Where it’s banned: Both are banned in parts of the European Union and Japan; the UK does not allow BHA in infant food.
Created by Procter and Gamble, Olestra, or Olean, is a calorie and carbohydrate-free fat substitute in fat-free snacks like chips and french fries. Three years ago TIME magazine named it one of the 50 worst inventions ever.
And a study from Purdue University concluded that rats fed potato chips with Olean ended up gaining weight. Several reports of adverse intestinal reactions to the fake fat include diarrhea, cramps, and leaky bowel syndrome.
Because it interferes with the absorption of fat soluble vitamins such as A, D, E, and K, the FDA requires these vitamins to be added to any product that is made with Olestra or Olean.
Where it’s banned: The UK and Canada
Milk and Dairy Products made with rBGH
Large-scale dairy factories are not only unethical, they also utilize hormones and toxic chemicals detrimental to human health. Recombinant bovine growth hormone (rBGH), a synthetic version of natural bovine hormone, is injected to cows to increase milk production. It was developed by Monsanto from genetically engineered E.coli bacteria, marketed as “Polisac”.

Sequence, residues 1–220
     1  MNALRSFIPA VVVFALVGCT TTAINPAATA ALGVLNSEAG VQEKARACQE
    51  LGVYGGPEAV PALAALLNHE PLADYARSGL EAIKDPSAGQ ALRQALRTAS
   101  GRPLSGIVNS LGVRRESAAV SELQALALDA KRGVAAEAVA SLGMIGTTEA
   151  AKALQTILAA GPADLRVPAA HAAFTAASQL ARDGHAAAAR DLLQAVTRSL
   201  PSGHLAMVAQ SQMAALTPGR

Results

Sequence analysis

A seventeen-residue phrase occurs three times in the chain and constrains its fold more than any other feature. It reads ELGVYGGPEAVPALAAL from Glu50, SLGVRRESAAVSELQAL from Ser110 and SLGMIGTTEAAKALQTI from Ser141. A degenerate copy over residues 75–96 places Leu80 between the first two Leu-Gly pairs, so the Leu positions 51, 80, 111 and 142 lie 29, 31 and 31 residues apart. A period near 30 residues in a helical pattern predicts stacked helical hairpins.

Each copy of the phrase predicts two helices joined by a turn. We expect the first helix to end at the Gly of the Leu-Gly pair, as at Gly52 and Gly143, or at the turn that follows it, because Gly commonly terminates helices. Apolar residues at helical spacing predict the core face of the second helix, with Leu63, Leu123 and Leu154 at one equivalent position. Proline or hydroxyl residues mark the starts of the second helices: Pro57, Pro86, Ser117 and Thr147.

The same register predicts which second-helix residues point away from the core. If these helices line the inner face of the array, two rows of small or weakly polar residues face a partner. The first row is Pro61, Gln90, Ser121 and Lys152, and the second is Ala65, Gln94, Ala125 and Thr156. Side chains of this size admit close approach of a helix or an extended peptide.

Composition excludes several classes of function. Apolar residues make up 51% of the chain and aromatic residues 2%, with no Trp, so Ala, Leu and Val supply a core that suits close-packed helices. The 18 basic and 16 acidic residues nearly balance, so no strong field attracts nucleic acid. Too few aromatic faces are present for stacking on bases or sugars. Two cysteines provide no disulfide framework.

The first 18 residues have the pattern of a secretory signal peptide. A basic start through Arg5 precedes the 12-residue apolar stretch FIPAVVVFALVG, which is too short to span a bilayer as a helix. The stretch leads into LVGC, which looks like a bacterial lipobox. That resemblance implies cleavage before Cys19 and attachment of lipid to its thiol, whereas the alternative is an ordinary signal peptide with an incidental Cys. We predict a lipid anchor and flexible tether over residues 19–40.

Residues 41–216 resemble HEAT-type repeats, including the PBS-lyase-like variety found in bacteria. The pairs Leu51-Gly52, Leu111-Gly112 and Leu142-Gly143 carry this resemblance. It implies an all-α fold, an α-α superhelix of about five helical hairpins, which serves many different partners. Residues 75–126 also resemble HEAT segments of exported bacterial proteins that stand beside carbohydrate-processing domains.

But rBGH is banned in 30 other countries. Why? It has been shown to convert normal tissue cells into cancerous ones, increasing colorectal, prostate, and breast cancer risks. Among other diseases, injected cows suffer exorbitant rates of mastitis, contaminating milk with pus and antibiotics.
Activists have been trying to expose the dangers of rBGH for over a decade. In 1997, two Fox-affiliate investigative journalists, Jane Akyre and Steve Wilson, tried to share the harmful effectsof the hormone, but lawyers for Monsanto shut down their story, promising ‘dire consequences’ if it ever aired.
Other nations are more aware of the dangers it poses, however. In 1999, the United Nations Safety Agency ruled unanimously not to endorse rBGH milk, resulting in an international ban on US milk.
Support to change the acceptance of rBGH is slowly gaining momentum in the states, thankfully. The Cancer Prevention Coalition (trying for years to affect a dairy industry ban of rBGH) resubmitted a petition to FDA commissioner Margaret Hamburg in January 2010. But the FDA still refuses to change its false position that rBGH-treated milk is no different than milk from untreated cows.
Where it’s banned: Austrailia, New Zealand, Israel, EU, and Canada
Take control of your health. Foods may be still available for consumption in the states, but if you are vigilant of what chemicals, additives, and food sources should be avoided, those products can be easily omitted.
For optimal health, avoid foods that contain harmful ingredients, exclude processed foods, and include as many wholesome plant foods as possible. Sticking with organic, fresh-raised, and natural food products will ensure toxic ingredients banned elsewhere will remain outside of your home and clear of your body.